Scott M. Fishman, M.D., American Pain Foundation

Scott M. Fishman, M.D.

Improving Quality of Life

Editors’ Note

Dr. Scott Fishman is Chief of the Division of Pain Medicine and Professor of Anesthesiology and Pain Medicine at the University of California, Davis. He was formerly Medical Director of the Massachusetts General Hospital Pain Center at Harvard Medical School. His medical degree is from the University of Massachusetts Medical School. His formal clinical training is in Internal Medicine and Psychiatry. He completed Pain Medicine fellowship training through the Department of Anesthesia and Critical Care at Massachusetts General Hospital. Fishman has received board certification in Internal Medicine, Psychiatry, Pain Medicine, and Palliative Medicine. He is Senior Editor of the journal Pain Medicine and has authored The War on Pain, Listening to Pain, and Responsible Opioid Prescribing, and edited Bonica’s Management of Pain and Essentials of Pain Medicine. Fishman is President and Chairman of the Board for the American Pain Foundation. He was recently ranked by U.S. News & World Report as one of the “Top Doctors” in America.

Organization Brief

The American Pain Foundation (www.painfoundation.org; APF) is an independent nonprofit 501(c)3 organization that serves people affected by pain. Founded in 1997, APF speaks out for people living with pain, caregivers, health care providers, and allied organizations, working together to dismantle the barriers that impede access to quality pain care for all.

What is the role of the American Pain Foundation and the key areas you’re focused on?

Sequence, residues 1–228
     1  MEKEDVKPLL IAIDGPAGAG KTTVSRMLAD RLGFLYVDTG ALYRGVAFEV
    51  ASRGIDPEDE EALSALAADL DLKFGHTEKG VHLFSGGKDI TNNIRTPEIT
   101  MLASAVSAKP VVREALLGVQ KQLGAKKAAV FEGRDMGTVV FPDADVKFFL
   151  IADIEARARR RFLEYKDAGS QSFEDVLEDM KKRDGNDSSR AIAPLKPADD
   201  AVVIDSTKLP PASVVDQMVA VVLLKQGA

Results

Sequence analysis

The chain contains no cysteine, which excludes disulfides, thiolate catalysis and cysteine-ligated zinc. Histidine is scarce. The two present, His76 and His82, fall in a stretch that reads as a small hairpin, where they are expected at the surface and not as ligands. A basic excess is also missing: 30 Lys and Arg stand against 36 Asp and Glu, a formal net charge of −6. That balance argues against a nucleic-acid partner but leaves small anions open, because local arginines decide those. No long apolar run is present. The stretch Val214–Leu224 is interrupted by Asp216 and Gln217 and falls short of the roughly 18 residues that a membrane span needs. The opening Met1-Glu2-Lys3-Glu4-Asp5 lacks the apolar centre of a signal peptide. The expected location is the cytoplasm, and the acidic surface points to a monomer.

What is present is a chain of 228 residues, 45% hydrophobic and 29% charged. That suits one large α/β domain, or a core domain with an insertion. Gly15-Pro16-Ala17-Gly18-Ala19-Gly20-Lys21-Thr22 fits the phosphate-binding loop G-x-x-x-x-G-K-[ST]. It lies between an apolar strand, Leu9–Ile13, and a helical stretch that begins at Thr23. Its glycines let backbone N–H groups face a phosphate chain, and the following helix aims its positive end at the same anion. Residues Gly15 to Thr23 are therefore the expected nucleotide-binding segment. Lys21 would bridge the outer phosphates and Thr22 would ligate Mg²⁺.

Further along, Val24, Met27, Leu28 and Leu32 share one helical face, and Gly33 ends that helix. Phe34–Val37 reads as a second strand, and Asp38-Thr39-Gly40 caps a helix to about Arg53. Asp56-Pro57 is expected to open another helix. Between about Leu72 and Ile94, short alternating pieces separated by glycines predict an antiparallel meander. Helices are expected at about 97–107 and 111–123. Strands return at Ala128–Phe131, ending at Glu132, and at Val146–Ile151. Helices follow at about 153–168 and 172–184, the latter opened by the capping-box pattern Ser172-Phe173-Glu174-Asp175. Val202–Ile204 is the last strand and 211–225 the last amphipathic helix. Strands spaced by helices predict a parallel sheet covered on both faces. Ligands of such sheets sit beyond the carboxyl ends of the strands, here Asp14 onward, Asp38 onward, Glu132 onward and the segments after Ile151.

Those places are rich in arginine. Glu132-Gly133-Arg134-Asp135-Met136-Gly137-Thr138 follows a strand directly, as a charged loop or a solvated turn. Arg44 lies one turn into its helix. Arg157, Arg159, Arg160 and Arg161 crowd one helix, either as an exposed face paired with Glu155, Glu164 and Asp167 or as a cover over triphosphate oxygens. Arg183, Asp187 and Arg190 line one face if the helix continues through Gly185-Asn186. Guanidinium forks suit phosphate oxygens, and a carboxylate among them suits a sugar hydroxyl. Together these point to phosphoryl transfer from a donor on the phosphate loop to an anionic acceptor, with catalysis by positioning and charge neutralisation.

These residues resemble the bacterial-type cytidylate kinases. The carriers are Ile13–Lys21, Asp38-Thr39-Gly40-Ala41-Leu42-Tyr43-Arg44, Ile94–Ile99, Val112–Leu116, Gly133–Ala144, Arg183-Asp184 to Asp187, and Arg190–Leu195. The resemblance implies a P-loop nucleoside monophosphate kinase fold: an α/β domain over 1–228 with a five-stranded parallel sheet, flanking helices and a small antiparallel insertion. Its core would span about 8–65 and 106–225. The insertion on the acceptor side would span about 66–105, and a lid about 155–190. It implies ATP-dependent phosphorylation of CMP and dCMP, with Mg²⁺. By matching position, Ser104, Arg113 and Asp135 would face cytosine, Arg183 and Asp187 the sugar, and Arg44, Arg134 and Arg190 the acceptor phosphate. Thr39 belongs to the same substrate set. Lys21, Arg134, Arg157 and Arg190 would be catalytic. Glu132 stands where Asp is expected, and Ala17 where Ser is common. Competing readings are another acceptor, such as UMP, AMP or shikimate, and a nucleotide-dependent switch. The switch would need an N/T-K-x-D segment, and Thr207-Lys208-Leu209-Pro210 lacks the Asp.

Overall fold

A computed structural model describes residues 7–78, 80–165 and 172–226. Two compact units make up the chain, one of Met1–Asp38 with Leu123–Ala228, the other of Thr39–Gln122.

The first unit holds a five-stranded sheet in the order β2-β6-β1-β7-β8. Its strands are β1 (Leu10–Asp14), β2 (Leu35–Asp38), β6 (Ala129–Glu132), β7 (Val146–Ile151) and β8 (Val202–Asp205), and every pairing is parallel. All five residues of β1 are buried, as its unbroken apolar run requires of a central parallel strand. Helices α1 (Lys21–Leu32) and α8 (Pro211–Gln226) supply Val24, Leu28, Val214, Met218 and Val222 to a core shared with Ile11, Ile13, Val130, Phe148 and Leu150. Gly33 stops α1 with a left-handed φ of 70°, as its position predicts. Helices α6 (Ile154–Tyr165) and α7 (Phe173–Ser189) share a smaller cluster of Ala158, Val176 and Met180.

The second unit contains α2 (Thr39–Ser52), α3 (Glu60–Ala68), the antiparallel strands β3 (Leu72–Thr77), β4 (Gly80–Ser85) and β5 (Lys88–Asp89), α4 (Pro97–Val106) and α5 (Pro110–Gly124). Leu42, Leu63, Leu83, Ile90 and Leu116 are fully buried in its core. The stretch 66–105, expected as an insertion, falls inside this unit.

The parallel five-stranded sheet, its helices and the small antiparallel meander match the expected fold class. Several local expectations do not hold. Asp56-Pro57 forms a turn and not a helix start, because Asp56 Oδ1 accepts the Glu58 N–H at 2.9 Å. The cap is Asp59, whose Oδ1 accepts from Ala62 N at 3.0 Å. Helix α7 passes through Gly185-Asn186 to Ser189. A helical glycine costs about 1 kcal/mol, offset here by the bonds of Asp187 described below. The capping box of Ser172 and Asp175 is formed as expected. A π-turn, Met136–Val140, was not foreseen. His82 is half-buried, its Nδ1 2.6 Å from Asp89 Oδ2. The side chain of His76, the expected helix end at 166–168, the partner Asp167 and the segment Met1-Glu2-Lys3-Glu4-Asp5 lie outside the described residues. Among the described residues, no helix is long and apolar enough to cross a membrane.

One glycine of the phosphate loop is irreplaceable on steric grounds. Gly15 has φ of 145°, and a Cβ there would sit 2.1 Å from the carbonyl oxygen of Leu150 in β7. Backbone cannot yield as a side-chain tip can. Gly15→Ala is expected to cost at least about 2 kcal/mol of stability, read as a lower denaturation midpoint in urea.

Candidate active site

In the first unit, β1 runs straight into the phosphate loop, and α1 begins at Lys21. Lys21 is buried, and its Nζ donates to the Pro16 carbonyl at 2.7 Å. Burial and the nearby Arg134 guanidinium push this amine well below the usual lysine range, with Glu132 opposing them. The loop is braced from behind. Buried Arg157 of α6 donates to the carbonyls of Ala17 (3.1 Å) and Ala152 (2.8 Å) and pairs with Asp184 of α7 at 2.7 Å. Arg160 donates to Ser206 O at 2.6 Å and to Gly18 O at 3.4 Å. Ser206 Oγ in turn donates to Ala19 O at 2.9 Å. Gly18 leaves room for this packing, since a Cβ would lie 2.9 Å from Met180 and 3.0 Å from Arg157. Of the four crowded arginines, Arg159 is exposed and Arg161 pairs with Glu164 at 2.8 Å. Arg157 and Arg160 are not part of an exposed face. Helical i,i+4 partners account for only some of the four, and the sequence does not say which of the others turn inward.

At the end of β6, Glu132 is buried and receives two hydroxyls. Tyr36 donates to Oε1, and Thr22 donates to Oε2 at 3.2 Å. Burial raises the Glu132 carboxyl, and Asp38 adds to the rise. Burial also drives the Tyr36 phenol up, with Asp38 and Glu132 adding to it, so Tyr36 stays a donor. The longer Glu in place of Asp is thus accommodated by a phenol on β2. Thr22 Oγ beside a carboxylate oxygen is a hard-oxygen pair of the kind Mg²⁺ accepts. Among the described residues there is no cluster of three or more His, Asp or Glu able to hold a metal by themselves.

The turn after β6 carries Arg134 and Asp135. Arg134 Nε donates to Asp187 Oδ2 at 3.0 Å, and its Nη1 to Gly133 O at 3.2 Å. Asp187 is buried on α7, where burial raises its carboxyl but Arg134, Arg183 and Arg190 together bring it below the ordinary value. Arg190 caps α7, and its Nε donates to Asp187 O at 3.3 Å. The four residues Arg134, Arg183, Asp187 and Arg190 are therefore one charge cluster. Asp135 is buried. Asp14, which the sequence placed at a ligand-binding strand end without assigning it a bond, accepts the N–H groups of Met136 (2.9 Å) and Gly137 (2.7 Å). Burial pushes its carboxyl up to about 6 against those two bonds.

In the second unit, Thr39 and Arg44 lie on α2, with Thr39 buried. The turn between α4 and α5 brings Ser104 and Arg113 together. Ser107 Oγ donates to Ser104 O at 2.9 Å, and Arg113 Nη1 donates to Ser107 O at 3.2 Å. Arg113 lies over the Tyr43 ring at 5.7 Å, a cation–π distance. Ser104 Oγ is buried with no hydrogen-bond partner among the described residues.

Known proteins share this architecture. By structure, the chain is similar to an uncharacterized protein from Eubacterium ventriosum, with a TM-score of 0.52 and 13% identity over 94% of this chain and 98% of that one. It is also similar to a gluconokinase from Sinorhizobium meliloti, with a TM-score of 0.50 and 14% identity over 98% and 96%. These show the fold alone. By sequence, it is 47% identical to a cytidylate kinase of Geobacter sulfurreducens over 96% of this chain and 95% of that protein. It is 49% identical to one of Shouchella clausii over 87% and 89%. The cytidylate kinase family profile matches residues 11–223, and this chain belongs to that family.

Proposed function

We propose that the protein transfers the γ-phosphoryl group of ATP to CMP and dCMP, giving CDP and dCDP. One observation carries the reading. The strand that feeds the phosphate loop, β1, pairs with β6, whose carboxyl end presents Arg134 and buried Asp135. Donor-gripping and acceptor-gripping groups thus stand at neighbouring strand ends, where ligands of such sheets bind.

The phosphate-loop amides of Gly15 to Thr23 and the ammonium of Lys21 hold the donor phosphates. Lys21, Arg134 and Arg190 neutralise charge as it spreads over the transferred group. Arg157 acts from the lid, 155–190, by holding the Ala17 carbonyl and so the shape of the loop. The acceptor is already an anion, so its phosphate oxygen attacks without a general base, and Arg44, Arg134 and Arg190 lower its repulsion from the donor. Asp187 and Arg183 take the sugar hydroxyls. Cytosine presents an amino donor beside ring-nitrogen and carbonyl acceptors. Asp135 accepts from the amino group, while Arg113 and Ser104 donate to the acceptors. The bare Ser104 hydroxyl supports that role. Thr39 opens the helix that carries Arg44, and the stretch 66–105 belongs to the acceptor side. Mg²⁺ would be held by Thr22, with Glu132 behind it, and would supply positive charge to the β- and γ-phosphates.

The American Pain Foundation was formed to ensure that the consumer’s voice was represented in the growing movement to resolve the serious public health problem of undertreated pain in America.

It was formed during the early days of recognizing this serious problem with the vision that consumers would play a substantial role in the effort to fight their pain and that an organization supporting those consumers could help greatly in turning the tide on undertreated pain in America.

Is there an effective understanding of how significant the problem of undertreated pain is?

The problem of undertreated pain is well established. Members of the APF Board of Directors were part of the recent congressionally-mandated IOM review of Pain in America that reported 116 million Americans are in chronic pain. That is more than the number of people who have diabetes, cancer, and heart disease combined. This is estimated to cost $635 billion dollars each year, which substantially contributes to excessive health care costs.

Pain is the most common reason a patient goes to a doctor and surprisingly it’s barely covered in medical schools – doctors are not adequately trained to evaluate and treat it. We’re dealing with a scourge of pain-related drug use in America that, at least in part, is underscored by poor education of doctors on this subject.

It also reflects that our medical institutions have become a cure-focused force for increasing quantity of life, but we haven’t done nearly as well in improving quality of life.

The American Pain Foundation educates consumers to be their own best advocates, working to dismantle the barriers that are preventing them from receiving timely and effective access to care.

How do you get that message out?